not in Primary anymore

transuary: an ally perspective

YMF has dedicated the month of January to the experiences of trans people. This is a guest post by Kimberly Clapp.


About LGBT matters, I didn’t really have an opinion one way or another until recently. I always believed in separation of church and state.  I knew I believed there is such a thing as civil marriage and religious marriage.  So I didn’t question my faith because it didn’t affect me.  I always believed if one of my children were gay I would love them and support them openly and cross that bridge when we came to it, if we ever came to it. I never imagined I would be called to support my best friend and her transitioning husband (male to female). It’s unfathomable to me not to be supportive.  I support families staying together and I support people being honest with themselves and others. That’s what our church teaches, right?  Above all, I support people being happy and peaceful and being authentic.

I believe in the teaching: “Do no harm to yourself or others.” I had to question my whole LDS belief system. Is this the kind of church I want to raise my kids in? Is this the kind of church I feel comfortable in? Why can’t I walk away from it? I prayed about it and feel that the Lord has answered my prayers. I have to stay in this church because this church is being called to change and I am called to be a part of it, and if you are reading this you are being called to be a part of it.  The Lord wants all of His children, all of our brothers and sisters, and we have to speak up for them and make them feel welcome. Not shame them or call them to repentance for who they are at the core of their being. Telling people to repent for being gay is like saying they themselves are the sin.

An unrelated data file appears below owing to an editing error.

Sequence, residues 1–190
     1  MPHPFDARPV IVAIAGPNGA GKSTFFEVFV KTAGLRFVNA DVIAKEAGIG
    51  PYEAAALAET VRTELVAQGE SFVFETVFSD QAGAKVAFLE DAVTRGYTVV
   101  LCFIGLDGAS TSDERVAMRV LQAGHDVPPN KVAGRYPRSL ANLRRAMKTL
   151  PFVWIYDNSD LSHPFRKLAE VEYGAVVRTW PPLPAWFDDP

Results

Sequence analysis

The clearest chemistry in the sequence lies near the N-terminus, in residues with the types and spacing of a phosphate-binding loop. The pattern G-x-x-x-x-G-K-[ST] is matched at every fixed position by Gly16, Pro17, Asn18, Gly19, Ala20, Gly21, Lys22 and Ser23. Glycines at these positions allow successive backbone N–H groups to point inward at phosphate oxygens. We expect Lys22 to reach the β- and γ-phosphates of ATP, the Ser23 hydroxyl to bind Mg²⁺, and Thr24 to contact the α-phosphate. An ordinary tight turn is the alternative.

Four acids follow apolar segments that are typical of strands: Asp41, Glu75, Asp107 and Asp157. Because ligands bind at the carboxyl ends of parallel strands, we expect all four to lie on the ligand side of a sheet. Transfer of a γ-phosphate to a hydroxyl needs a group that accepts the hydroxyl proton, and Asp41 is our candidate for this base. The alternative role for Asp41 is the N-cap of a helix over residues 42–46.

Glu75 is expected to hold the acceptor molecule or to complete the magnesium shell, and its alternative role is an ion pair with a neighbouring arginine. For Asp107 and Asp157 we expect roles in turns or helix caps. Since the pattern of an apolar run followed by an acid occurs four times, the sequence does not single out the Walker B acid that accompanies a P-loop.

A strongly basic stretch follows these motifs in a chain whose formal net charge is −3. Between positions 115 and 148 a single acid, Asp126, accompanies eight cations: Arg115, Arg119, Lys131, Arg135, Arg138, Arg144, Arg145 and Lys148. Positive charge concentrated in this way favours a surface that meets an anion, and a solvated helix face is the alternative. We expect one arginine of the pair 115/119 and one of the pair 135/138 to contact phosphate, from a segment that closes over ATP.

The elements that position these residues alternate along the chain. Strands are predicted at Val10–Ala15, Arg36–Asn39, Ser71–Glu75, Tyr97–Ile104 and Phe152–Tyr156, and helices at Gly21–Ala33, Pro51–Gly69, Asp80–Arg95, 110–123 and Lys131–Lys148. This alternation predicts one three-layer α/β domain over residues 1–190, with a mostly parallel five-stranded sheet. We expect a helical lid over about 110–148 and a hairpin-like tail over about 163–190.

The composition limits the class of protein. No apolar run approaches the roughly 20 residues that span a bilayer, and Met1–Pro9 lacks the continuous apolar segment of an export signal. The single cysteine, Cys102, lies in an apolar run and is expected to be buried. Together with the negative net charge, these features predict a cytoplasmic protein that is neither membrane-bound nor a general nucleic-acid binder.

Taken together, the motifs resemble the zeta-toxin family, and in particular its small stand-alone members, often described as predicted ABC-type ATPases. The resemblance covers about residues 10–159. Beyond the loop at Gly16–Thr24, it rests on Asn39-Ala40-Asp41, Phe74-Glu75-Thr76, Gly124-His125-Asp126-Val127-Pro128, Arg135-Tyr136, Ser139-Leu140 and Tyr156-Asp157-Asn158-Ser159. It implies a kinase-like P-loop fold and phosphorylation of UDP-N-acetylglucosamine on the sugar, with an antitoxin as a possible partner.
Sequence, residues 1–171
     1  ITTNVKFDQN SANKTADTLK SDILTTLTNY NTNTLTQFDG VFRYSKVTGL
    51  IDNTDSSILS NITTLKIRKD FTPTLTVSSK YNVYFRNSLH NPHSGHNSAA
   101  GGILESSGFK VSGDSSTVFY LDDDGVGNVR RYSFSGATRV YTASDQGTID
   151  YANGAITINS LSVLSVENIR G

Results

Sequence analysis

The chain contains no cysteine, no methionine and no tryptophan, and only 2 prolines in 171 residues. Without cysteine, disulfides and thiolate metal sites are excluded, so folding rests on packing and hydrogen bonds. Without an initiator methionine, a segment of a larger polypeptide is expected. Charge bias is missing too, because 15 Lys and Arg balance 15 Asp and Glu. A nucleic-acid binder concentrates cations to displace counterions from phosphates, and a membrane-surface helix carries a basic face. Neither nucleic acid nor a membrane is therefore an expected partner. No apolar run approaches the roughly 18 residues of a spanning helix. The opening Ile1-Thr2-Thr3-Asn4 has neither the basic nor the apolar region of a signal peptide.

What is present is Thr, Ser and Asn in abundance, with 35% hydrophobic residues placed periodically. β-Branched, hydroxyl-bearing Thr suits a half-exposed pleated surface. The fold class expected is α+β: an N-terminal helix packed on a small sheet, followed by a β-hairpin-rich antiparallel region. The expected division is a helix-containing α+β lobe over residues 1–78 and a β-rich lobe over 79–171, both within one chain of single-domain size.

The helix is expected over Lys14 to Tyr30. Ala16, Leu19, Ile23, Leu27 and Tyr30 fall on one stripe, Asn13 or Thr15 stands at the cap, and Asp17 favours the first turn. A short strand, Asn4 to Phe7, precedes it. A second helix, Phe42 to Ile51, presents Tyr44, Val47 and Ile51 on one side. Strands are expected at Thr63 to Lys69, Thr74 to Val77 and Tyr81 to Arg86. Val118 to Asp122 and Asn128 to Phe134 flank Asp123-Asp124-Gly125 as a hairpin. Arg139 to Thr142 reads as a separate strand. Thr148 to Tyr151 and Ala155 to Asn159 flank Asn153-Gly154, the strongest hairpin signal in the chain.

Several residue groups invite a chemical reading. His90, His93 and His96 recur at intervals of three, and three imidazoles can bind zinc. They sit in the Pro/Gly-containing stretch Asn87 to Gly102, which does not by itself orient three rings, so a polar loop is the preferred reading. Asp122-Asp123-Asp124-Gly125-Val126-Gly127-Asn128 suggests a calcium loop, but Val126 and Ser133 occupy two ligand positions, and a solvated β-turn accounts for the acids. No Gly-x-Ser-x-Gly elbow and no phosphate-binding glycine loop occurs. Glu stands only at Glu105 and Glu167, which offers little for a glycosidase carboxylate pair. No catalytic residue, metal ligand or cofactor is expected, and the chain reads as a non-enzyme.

My best friend’s husband came out to her this year and I have been blessed to be a part of their journey. It’s been a long year. She didn’t expect this, but they were headed for divorce if something didn’t change.  That’s when the truth started to come out, little by little.  She has struggled to accept this, but knows now it had to happen. A person can live a lie for only so long.  Tommy is now Tara and now Jackie and Tara are in what’s considered a lesbian relationship. They are happier than ever. When I met Tommy he was nice but distant — he didn’t socialize much other than talk about music or football.  I usually connect with people easily. I thought maybe he didn’t like me because I was spending so much time with his wife.  Turns out he was keeping this secret that prevented him from connecting with anyone. When I met Tara for the first time it brought tears to my eyes. She was so beautiful! I could see and feel her soul. I connected!  Naturally I wanted to share the gospel with them. I wanted them to partake of this beautiful church I have the pleasure of being a part of. But now what? Our church culture doesn’t understand. It’s time to evolve. It’s time to change our church culture.

I became an Ally. I found my authentic self. Tara forced me to look inside myself. I couldn’t deny that this was real. We need to open our hearts and embrace people.  That is what Jesus is about.  Preach His gospel and “Love one another as I have loved you.”

In Love and Light,
Kimberly Clapp

2 Responses to “transuary: an ally perspective”

  1. Jewelfox

    If you want to make sure not to do any harm, please delete transphobic and other oppressive comments. The essays here are uplifting, but there is a ton of ignorance and hate speech in the comments, and it hurts to read.

    It undoes any comfort I could have received, as a trans woman, from knowing that people are listening and advocating for me. Because it reminds me that someone can hear me out fully and continue in militant ignorance, trying to “prove” my life and experience wrong until it makes me disappear.


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